I carried one  of the 1-liter Nalgene bottles in each side pocket of my backpack. This way, I would have a little more than 1/2 gallon of water on me at all times. I had some friends who were lucky enough to have Camelbaks–pouches of water with a hose so they could drink without reaching for their bottle, unscrewing it, and drinking while walking (I’m looking at you, Meghan).

Water requirements are based on heat, exertion, time of day, and the time of year you hike. As a rule, and for a measure of safety, hikers should always carry at least one gallon of water on extended trips away from known water sources. Running out of water on Grand Canyon trails is the single largest mistake you can make, and occasionally people die for lack of water here. You WILL drink at least one gallon of water per day while hiking in the Grand Canyon…Always prehydrate prior to you trip and during your trip before your most strenuous hiking days, such as prior to your hike out to the rim from the river. Drink large amounts of water over a period of several hours in the evening at camp and in the morning before leaving camp. It is essential, however, that you balance your water intake with electrolytes.

Hiking Grand Canyon National Park, Second Ed., Ron Adkison.

Rocco droned on about checking our urine’s color — the more saturated yellow, the less hydrated we were. We laughed about this at first: “is your pee clear? Better run and check it!” It seemed over-the-top on those first days, but later it would prove to be an invaluable, and quick and easy, resource — one that I still use.

That’s me on the left with the green backpack.

At this point in the game, our gigantic group of friends was divided for the first time into the three groups that would continue rucking it separately–my group was Group Three, Van A. We were made up of Laura, Melanie, Marcia, Meghan, Carley, Kathryn, Alison, and myself, plus counselor Skye and backpacking guide, Christophe.

Next–food. We needed staples, like peanut butter and rice cakes–protein after a long hike, but not food that would spoil or produce a lot of waste. Obviously we weren’t making roast chicken. At Safeway, the local grocery store, we got silly and had tons of fun. We picked out peanut butter and jelly sandwiches, salty crackers, Ramen noodles, tortillas, beans, and Christophe, supplied some freeze-dried packets for hikers as well as a couple of camp stoves to do a little cooking, and one pot. We planned meals for the next 7 to 8 days, including when we would eat out and when we would have to eat from our packs. To condense the food, we took it out of its original packaging (which we would have to carry out of the Canyon anyway, so that saved us quite a bit of space) and put it in ziplock bags. We pre-made sandwiches and packaged them. We divided up the crackers into bags for each of us, and etc.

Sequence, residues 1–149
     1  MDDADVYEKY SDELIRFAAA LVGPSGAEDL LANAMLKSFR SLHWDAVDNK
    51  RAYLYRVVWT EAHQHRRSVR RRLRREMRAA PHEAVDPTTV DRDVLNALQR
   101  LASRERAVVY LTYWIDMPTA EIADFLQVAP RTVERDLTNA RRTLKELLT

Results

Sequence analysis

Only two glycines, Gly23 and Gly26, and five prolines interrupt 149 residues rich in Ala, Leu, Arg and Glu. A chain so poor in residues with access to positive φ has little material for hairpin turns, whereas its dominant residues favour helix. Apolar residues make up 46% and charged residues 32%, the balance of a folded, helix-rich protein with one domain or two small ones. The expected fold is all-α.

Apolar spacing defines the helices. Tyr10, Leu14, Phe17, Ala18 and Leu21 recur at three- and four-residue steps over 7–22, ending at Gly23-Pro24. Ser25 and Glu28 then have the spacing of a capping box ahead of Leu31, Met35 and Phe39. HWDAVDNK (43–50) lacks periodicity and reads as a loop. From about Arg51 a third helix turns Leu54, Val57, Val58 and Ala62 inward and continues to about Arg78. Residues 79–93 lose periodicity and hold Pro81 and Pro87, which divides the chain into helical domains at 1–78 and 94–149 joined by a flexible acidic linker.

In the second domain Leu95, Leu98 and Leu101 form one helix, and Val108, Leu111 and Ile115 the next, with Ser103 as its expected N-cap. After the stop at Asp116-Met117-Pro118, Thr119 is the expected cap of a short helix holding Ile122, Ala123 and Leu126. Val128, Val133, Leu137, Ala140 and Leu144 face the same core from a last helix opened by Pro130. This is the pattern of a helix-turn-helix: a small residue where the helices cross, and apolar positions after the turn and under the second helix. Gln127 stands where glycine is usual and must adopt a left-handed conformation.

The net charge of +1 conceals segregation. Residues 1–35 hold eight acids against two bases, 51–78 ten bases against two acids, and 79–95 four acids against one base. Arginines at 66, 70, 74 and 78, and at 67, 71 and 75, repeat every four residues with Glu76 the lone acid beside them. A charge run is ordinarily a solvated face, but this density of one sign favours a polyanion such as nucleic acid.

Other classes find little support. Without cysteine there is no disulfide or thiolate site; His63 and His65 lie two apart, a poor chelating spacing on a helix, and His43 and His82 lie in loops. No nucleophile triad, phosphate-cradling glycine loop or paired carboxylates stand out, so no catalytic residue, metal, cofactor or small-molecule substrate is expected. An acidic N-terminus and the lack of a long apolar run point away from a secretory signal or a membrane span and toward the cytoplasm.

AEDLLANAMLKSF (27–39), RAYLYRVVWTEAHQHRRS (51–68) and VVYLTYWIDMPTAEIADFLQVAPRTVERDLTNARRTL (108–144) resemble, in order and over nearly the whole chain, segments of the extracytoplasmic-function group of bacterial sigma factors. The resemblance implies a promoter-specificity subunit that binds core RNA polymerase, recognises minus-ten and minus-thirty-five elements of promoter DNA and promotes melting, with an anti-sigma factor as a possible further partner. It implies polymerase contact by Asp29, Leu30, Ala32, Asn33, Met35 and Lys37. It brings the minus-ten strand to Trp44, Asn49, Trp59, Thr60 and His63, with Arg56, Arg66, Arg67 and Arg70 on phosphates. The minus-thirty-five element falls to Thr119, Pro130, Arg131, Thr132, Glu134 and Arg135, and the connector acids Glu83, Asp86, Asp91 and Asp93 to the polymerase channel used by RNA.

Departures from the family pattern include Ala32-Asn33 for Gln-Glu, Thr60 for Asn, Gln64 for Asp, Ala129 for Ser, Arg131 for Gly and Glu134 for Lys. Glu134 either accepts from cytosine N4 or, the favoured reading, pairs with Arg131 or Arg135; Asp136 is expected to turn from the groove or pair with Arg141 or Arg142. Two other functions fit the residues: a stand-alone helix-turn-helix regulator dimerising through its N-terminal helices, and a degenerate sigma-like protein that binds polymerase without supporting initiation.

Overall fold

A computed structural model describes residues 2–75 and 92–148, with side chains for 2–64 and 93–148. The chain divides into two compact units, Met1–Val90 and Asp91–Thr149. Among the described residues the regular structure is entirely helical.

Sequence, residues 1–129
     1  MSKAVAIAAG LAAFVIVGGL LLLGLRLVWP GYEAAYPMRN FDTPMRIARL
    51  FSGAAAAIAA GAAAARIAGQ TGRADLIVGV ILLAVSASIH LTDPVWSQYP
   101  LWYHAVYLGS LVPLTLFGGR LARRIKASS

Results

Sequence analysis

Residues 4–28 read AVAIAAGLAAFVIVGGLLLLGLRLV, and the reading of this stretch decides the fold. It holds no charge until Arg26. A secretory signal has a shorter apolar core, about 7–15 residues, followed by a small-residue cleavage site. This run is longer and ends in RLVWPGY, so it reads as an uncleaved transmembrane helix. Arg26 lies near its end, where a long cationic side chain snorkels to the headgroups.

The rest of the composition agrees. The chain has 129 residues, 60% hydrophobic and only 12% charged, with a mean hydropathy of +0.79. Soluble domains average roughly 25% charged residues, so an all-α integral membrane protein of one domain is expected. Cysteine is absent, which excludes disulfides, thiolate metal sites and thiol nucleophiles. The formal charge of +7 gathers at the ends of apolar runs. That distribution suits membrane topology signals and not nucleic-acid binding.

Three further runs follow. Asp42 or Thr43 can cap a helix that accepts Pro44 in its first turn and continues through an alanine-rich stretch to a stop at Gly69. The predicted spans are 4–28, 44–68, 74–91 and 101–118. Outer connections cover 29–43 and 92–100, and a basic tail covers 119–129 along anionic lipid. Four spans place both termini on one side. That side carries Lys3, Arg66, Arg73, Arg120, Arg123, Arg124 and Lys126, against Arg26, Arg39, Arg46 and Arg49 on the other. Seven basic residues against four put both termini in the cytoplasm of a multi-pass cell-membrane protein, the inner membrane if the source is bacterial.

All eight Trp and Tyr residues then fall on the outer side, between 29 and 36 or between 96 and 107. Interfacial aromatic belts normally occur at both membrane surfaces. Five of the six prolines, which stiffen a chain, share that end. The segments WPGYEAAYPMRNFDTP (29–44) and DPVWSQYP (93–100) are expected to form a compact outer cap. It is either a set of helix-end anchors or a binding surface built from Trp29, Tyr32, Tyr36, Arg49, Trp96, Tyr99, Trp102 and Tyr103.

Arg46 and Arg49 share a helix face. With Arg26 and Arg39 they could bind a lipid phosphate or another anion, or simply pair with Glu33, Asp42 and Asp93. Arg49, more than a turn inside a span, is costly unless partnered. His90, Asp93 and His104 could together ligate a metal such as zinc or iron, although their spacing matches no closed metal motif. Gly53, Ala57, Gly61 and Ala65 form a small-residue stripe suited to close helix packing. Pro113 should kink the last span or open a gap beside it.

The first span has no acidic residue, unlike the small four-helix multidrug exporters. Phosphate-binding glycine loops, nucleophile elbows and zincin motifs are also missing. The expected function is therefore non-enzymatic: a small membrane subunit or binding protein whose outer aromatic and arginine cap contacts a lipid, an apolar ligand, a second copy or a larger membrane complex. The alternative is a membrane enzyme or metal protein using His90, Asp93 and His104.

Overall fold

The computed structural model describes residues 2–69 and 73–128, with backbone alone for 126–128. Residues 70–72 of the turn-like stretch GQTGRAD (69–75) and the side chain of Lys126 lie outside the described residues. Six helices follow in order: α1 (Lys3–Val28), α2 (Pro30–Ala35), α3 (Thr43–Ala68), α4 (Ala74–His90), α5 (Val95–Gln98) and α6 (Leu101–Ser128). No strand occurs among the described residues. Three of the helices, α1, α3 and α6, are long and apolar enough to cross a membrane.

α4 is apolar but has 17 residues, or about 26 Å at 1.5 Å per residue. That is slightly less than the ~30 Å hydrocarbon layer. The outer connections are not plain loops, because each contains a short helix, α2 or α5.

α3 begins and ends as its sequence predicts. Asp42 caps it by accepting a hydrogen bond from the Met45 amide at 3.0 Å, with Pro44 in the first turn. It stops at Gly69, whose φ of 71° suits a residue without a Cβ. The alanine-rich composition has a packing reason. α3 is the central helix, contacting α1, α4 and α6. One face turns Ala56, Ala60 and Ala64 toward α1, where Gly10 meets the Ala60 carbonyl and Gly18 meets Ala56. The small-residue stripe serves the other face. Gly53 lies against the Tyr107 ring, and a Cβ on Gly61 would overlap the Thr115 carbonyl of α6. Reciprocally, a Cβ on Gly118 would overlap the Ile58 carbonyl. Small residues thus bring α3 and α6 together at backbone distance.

Naive little hikers fill the grocery cart with the kinds of things their mothers would make them put back on the shelves.

After work, we got to play. Meghan asked me if I wanted to go on a run with her through the Phoenix streets, but the sun was high and it was hot, and I couldn’t imagine that we’d be allowed to go jogging alone. We walked down the gravel driveway, feeling the oven turned on full-force, and looked down the street. Not unlike in the film Do the Right Thing, I remember the world being saturated with color — yellow from hot sun — and one of the camp counselors called out to us: “Where are you going? You need to stay on site.”

So we didn’t go running.

But Meghan was one of those people who simply did things and was not reckless, but knew what she wanted and was full of energy and confidence. I was baffled; I had never met anyone like this before, who was so bouncy and fearless. I did quite a bit of reflecting on my character at that point. I was the opposite: calm, shy, introspective, and private. We took to each other quickly.

So we went outside to enjoy the Arizona evening with a game of Kubb, which we called “Coup the King.” The object is to knock down the plain “kubb” blocks guarding the “king” block using batons, before the opposing team. Apparently, the game had Viking origins.

Picture 576
A game of Kubb, which we misheard as “Coup,” though the game is literally an attempt to coup the king.

We stayed outside all afternoon and evening, playing rounds of Coup until we discovered that our playing field, the narrow path of fluffy grass between a concrete wall and our camp hall, was home to a massive ant hill.

We decided to play capture the flag instead, then tag, then swimming, and anything else we could think of until the sun went down.

A group of girls debates how much time there is to play before the mountain falls down and buries the campsite.

It was the end of Day Two, and our adventures were about to begin.

Part One